On October 12, 2021, the Fifth Circuit Court of Appeals upheld a disgorgement order issued by the SEC, in—according to the opinion— the first appellate ruling on the topic since the Supreme Court’s 2020 decision in Liu v. SEC. Commercial litigators involved in securities disputes should take note that parallel actions with the SEC can still result in disgorgement.
Arbitration provisions are common features of commercial agreements. Arbitration is often touted as a cost-effective alternative to litigation that provides contract parties the freedom to decide everything from what law the arbitrator should apply, to what issues the arbitrator should resolve. The parties can even delegate to the arbitrator the issue of what should and should not be arbitrated (also known as arbitrability issues) by incorporating a delegation clause in their arbitration agreement.
Earlier this year, we reported on the potential breeding ground for litigation under Illinois’ Biometric Information Privacy Act (“BIPA”). A recent decision from an Illinois state appellate panel on the different limitations periods that apply to BIPA provides guidance for companies faced with a BIPA lawsuit and the arguments they can make on a motion to dismiss.
In the recent and significant Warren v DSG Retail Ltd  EWHC 2168 (QB) decision the High Court in England clarified the limited circumstances in which claims for breach of confidence, misuse of private information and the tort of negligence might be advanced by individuals for compensation for distress relating to a cyber-security breach where the proposed defendant was itself a victim of a third-party cyber-attack. The decision has made it harder to bring free standing/non-statutory cyber-security breach claims in England and Wales where the proposed defendant has not positively caused the breach, and has also brought into question how such claims may be funded going forward (particularly, via “After-the-Event insurance” (“ATE insurance”)).
When there is a right, there is a remedy—or so the maxim goes. But when a state infringes upon your copyright, such a remedy may be more difficult to obtain. Just a year ago, the Supreme Court held in Allen v. Cooper that the Copyright Remedy Clarification Act did not abrogate a state’s sovereign immunity, and therefore, absent consent, sovereign immunity prevents suits for copyright infringement against a state. Are there any exceptions to this rule? Are there alternatives causes of action or remedies available? That is the question plaintiffs-appellants posed in Canada Hockey, L.L.C. v. Texas A&M Univ. Athletic Dep’t. And the answer, at least in federal court in the Fifth Circuit, is no, though the Fifth Circuit left open the possibility for recovery in state court.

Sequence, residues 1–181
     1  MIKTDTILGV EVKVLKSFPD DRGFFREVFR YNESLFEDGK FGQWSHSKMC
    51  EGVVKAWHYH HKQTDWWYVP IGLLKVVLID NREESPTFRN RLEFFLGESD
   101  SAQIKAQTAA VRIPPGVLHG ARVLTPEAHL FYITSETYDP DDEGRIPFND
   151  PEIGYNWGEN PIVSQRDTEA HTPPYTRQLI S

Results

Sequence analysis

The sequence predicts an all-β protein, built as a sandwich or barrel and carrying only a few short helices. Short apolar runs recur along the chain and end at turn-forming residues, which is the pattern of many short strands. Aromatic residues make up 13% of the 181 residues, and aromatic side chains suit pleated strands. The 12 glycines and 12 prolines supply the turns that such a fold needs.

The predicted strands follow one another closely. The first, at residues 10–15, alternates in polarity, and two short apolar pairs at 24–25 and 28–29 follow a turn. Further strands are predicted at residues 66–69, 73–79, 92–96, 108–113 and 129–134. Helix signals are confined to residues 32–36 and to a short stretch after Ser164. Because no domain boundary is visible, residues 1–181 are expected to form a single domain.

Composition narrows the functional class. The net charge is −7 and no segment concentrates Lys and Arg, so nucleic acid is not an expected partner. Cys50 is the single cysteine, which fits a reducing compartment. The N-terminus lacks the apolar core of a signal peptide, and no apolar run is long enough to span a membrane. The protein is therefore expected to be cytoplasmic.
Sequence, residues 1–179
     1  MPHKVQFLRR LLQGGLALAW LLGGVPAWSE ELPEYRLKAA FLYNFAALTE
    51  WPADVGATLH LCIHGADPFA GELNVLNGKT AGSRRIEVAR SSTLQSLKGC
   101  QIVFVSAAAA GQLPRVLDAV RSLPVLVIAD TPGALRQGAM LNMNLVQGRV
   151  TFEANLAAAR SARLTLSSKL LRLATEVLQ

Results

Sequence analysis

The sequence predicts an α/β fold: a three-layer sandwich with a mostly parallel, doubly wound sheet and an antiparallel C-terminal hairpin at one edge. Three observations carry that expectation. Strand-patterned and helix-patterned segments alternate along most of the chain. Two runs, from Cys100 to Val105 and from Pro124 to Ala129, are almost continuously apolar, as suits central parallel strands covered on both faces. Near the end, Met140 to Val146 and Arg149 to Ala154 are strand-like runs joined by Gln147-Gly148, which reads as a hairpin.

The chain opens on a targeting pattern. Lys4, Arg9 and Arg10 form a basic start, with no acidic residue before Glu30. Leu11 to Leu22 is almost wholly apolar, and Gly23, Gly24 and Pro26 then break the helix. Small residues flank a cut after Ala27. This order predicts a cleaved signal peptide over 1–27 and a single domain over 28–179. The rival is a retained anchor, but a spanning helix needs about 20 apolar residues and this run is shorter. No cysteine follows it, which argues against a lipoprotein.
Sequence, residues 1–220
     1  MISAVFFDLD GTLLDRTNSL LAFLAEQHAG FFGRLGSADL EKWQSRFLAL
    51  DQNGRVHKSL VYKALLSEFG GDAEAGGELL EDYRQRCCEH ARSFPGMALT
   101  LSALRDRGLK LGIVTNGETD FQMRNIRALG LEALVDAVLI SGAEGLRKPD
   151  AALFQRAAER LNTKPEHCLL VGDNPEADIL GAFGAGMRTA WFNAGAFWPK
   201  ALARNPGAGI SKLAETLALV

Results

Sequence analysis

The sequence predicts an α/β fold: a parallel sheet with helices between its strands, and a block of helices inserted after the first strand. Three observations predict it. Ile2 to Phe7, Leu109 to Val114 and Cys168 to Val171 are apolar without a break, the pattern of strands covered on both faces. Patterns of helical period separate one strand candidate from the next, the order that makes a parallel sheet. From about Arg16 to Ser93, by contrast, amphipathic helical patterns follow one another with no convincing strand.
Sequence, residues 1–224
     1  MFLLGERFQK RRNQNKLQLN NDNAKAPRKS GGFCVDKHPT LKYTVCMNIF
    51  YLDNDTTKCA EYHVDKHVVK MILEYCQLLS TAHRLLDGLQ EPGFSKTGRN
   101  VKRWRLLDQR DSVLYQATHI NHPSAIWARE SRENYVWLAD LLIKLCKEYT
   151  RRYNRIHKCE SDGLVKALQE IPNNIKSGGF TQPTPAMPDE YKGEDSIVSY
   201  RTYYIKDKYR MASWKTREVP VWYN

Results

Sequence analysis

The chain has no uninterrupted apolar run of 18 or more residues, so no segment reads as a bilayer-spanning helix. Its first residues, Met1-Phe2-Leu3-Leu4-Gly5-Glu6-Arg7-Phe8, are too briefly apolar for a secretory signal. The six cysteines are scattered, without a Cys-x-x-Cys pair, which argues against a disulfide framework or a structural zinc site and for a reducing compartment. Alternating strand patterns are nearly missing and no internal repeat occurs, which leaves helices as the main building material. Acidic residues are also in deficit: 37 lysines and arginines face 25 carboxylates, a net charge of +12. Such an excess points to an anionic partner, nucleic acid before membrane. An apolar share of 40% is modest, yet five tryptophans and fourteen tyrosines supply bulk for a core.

On July 2, 2021, a group of consumers filed a putative class action in Washington District Court alleging Amazon engaged in unlawful price gouging during the COVID-19 pandemic on a variety of products. The case is noteworthy because Washington does not have a specific price gouging statute. Instead, plaintiffs argue that the alleged price gouging is an “unfair or deceptive act or practice in the conduct of any trade or commerce” in violation of Washington Consumer Protection Act (“WCPA”). Commentators have speculated that one of the purposes for filing in Washington is to pursue, in a state court, nationwide damages from Amazon.
Although many states of emergency have expired, new lawsuits that allege price gouging continue to be filed. On September 3, 2021, Minnesota Attorney General Keith Ellison filed a complaint in Minnesota state court against Sparboe Farms, Inc. alleging the company engaged in price gouging for the sale of eggs in violation of the Minnesota Governor’s executive order.